A federal judge has summarily denied a request for an emergency temporary restraining order to stop Seattle police and park workers from clearing the hold-out remnants of a large homeless encampment at Cal Anderson Park on Capitol Hill.

U.S. District Judge Richard Jones said the plaintiff in the case, a Seattle resident named Ada Yeager who had been living at Cal Anderson, failed to prove that the removal of an encampment that has been at the park since June would violate the constitutional rights of those who had been living there.

According to declarations filed in the case, Yeager on Thursday had agreed to work with city officials to find housing, although her attorney, Braden Pence, said many of the issues in the lawsuit remained unresolved, including whether her property would be destroyed or stored in the interim.

“If this lawsuit comes away with her having gotten housing as a result, that’s fantastic,” Pence said. “It’s too bad it had to take this much to get their attention. She’s been trying to find a place for months.”

Yeager had claimed the removals by police and park workers violated First Amendment free speech rights, given that Cal Anderson Park had been a focal point of summer protests over police brutality. She also said the sweeps amounted to illegal seizures of property, claiming police routinely destroy personal belongings, and that they denied the residents due process of law.

Jones rejected every point, saying the paucity of Yeager’s pleadings failed to prove any of those things were happening, or that the city’s policies were inadequate and led to constitutional violations.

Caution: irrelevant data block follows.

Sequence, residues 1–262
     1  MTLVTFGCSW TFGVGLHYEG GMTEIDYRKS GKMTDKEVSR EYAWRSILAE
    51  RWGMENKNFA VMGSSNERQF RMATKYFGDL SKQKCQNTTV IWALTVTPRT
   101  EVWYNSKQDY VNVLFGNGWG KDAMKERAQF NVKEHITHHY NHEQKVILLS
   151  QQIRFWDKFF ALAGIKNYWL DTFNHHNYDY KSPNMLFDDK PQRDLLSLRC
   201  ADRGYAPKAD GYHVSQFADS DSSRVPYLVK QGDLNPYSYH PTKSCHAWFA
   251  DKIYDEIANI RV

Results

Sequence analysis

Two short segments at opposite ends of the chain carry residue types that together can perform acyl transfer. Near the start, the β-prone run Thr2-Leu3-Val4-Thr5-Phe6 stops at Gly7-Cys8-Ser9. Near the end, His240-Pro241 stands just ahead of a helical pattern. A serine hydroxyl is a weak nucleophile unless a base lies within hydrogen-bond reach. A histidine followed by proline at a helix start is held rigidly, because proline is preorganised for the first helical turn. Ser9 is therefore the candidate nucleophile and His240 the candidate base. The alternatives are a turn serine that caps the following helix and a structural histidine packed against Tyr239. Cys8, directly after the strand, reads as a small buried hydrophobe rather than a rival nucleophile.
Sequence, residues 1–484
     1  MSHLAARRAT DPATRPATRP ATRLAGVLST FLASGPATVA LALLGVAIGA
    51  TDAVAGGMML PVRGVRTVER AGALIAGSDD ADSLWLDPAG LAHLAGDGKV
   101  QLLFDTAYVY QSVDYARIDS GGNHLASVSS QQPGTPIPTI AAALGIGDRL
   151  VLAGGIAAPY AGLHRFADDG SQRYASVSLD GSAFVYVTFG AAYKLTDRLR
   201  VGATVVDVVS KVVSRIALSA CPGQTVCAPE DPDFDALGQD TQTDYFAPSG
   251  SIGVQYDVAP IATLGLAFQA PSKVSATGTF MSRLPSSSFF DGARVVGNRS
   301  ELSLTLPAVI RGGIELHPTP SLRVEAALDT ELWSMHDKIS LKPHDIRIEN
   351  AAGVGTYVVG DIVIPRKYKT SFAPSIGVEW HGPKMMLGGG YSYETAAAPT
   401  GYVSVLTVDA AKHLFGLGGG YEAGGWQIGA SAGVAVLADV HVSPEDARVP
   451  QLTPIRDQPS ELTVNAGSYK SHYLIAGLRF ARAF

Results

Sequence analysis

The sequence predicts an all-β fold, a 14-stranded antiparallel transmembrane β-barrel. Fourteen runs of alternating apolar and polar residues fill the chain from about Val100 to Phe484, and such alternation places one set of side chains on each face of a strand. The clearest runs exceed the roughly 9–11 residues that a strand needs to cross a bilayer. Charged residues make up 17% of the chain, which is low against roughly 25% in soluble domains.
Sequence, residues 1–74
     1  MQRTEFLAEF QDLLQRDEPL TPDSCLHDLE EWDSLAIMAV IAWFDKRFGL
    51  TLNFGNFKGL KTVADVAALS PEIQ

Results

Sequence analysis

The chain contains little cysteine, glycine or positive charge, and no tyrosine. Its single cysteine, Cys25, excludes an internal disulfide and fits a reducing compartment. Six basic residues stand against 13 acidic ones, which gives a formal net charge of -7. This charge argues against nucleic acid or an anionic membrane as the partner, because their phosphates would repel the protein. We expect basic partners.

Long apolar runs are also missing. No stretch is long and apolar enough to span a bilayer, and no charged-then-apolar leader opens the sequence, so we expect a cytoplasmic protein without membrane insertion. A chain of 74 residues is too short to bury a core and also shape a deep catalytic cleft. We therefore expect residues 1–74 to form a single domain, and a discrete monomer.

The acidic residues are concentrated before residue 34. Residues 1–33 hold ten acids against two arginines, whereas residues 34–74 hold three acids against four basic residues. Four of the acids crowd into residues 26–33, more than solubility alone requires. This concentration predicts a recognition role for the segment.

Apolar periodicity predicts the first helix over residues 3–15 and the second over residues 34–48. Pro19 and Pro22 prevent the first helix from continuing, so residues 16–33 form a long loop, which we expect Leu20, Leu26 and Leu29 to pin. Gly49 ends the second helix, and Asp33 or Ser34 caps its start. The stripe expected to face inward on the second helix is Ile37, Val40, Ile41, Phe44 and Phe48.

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As for the free speech argument, Jones said the “evidence that she has offered to show that the City’s intended evictions are content-based is slim.” Likewise, he rejected her claim of illegal seizure of her private property.

“There is hardly any evidence in the record to conclude that the City has, in fact, engaged in the type of on-the-spot destruction of property” that the courts have barred in other cases, Jones said.

Yeager continues to seek a temporary injunction to stop evictions, and Jones told both sides to prepare a briefing schedule for the court by Dec. 28.

Jones had reluctantly taken the matter under advisement following a nearly two-hour emergency hearing Wednesday evening after both sides urged guidance from the court. He referred to Seattle’s miserable December weather and said it was a “horrible time” for the court to have to decide whether to allow the evictions to proceed.

As for providing the campers with due process before the evictions or seizures, Jones said Yeager’s pleadings were inadequate but, even if they weren’t, the police and parks department on Tuesday distributed several flyers before they were run out of the park that explained the time, place and property procedures. Yeager acknowledged she got one.

Jones said Yeager could not show that this notification was not adequate.

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The city had planned to clear the park sometime Wednesday morning but hesitated after Yeager filed her lawsuit and protesters gathered at the park. However, attorneys for Seattle have said that, if the court gave the go-ahead, clearing the park was imminent, out of concern for health and public safety. They said people living in the encampment have been hostile and threatened park workers and police.